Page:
"Watch me scu rry across the floor inside my rolling exercise ball."
They warn about the choking hazard - which is great. But they failed to mention the danger to get the hamusuta stuck in your hair.
When I saw a couple of these in some tourist trap store on San Francisco's Pier 39 yesterday, I had to pick a couple of them up for my kids. See, we've had sort of a bad track record with hamsters. So when the last of the royal line of Lauck hamsters died this spring, we just put the cage in the garage and ended a mercifully short chapter in rodent ownership. I've been over it for months. The kids never really let go, however, and will occasionally hound me for another small pet.
"We have a dog, you guys. Go pet Donna." You see how good I am at redirecting?
"But Donna doesn't want to sit in a the laundry basket with blankets on her, Mommy."
Let's pause for a moment, while I try to figure out whether it is good parenting to insist that the children tuck me into the laundry basket with blankets and a few snackies. If they handed me the remote, it could be a little retreat. A little day spa in my own living room.
So, yes. Fake, battery powered hamsters. Or, hamusutas. Whatever. They even come with their own plastic ball!
This morning, I popped the guts out of the hamster shell, and installed the batteries. Once the guts were replaced, I flipped the switch and watched the little, rubber-tires turn on the bottom. Once I got it inside the ball, it rambled around the living room while I fixed up the twin, and soon the kids were watching delightedly while the two fake hamsters did their thing.
Seriously, this was the best gift ever. I'm an awesome mother.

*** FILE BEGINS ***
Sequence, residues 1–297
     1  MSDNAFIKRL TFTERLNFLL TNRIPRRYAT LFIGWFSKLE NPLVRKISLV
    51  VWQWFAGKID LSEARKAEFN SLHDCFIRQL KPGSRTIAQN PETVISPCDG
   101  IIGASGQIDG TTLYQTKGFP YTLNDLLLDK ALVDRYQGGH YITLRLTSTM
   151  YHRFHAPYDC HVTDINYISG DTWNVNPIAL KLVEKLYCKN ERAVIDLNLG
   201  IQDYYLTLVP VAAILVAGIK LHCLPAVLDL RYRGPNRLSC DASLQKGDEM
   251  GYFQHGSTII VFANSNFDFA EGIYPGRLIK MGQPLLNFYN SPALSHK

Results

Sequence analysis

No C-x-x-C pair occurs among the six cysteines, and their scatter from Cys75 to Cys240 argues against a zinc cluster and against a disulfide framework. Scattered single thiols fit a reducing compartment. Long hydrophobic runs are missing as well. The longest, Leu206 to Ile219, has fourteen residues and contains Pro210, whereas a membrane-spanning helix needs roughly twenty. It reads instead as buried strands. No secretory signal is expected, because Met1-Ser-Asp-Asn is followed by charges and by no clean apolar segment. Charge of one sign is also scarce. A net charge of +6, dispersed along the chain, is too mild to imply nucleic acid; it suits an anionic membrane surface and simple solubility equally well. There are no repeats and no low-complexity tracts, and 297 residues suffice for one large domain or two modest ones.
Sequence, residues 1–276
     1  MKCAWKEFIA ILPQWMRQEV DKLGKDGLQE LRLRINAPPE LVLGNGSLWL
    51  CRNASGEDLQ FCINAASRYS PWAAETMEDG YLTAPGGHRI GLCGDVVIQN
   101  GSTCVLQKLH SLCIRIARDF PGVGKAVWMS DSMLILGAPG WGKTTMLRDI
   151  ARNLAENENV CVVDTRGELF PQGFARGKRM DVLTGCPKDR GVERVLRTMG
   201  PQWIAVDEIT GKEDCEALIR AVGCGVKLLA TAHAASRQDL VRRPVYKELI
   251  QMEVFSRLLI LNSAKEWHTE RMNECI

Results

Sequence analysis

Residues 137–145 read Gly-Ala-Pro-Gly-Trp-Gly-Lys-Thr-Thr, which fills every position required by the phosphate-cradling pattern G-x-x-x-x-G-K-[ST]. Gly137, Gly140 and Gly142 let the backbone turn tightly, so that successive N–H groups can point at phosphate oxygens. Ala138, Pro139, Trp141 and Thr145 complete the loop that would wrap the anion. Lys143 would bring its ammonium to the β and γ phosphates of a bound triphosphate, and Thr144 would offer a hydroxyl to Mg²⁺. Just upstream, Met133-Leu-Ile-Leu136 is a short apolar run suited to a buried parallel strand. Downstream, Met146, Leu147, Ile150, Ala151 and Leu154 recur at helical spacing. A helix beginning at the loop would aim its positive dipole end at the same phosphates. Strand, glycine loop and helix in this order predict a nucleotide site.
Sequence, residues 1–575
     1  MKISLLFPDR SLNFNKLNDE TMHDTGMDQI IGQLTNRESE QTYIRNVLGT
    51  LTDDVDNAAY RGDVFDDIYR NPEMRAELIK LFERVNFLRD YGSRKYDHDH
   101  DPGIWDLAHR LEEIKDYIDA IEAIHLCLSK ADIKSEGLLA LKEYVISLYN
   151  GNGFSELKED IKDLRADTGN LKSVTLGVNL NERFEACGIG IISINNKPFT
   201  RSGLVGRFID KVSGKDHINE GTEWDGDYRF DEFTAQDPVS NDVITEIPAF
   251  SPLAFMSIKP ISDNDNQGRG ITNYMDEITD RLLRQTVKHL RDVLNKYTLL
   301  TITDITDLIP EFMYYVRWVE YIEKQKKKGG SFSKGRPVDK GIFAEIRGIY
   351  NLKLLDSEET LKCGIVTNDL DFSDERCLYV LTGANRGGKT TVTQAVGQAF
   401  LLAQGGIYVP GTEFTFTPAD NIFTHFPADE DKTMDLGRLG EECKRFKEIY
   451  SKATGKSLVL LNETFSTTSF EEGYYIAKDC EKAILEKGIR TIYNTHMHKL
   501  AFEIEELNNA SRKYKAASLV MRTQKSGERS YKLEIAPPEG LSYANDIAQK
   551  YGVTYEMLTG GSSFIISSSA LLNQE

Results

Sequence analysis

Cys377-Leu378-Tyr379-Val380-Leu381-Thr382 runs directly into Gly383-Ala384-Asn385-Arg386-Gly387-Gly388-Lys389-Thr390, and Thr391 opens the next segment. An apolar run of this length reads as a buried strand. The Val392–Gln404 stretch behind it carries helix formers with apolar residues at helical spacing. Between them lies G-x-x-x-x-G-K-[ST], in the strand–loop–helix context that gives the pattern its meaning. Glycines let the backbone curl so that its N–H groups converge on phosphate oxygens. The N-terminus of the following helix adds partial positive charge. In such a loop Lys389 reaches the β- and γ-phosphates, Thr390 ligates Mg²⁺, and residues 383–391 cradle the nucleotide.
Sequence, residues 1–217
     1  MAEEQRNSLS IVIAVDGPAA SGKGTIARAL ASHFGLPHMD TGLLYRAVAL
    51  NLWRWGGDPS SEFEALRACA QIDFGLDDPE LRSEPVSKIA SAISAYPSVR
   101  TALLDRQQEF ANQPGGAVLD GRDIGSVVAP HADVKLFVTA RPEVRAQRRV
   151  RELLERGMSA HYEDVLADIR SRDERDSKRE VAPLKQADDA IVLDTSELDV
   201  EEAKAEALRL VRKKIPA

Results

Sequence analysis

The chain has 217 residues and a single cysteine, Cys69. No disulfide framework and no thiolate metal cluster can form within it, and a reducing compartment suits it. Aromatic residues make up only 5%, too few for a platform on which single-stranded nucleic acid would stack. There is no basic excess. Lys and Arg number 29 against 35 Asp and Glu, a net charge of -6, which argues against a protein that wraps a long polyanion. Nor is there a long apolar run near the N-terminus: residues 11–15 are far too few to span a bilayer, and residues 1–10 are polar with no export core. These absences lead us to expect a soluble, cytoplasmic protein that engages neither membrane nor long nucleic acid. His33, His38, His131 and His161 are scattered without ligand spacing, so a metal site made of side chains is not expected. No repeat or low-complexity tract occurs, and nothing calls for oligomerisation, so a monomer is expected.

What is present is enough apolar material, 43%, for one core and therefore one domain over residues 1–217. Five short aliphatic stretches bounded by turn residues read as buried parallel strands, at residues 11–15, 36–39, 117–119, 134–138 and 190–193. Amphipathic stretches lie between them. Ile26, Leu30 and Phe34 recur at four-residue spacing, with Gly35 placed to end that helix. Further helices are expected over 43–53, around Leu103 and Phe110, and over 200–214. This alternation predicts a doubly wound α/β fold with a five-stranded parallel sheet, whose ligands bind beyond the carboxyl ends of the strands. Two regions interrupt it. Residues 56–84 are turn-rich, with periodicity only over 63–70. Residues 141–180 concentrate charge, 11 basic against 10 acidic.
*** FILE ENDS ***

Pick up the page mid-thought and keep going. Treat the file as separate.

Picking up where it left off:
Two seconds later:
Click, click, click, click, click.
I marched in there and found my son had taken one hamster from its ball, and had turned it loose on his Matchbox Car track. It was wedged in the ferris wheel contraption, it's furry ass blocking the wheel from turning, wheels spinning furiously above the track.
I dislodged it, and returned it to the ball. My son took it out again, and put it on the floor, where it zoomed under the couch and got stuck again.
"Okay, keep these little
**&%$$#@##!!!!!! hamsters in the balls, so they don't get stuck, okay?"
Moments later, they were fighting over possession. I know, I should have bought three, but come on. At ten bucks a pop, and with my kids' flair for destruction, I figured twenty bucks was all I was willing to spend. Then again, I spent at least a hundred for the cage and food and toys and actual hamsters for these same kids, so really, my bad.
When I finally left the room, both hamsters were out of the balls, and being held by my three-year-old. I turned them off, and left her to play.
"Aaaaaiiiiieeeeee!" I looked up to see her rounding the corner, open mouth howling and eyes squinched up in pain as the hamsters apparently were trying to eat her head. She had turned them on so they seemed more realistic (Duh, Mommy) and then decided to snuggle and kiss on them, and the wheels grabbed a strand of hair on each side of her head.
She was standing there with a twitching hamster attached to each side of her brow, with a good six inches of hair tangled around the axels on her happy rodent pals' underbellies. This is the kid who cannot stand to have her hair brushed. She's extremely tender-headed, so this was a nightmare scenario. Leave it to me to buy the scary, child-eating carefree and playful fake pets, huh?
I managed to calm the spinning wheels and disentangle her locks from the wheels before it ripped her hair out by the roots, with much howling and reassurances. I showed her what happened, and put the hamsters back in their balls.
This exact sequence of event happened three times today. Hamsters stuck in ferris wheel. Returned to balls. Stuck under couch. Returned to balls. Stuck in hair. Returned to balls.
I just...wow. I just don't know if I should laugh or cry. Or go lay down in the laundry basket.
a quickr pickr post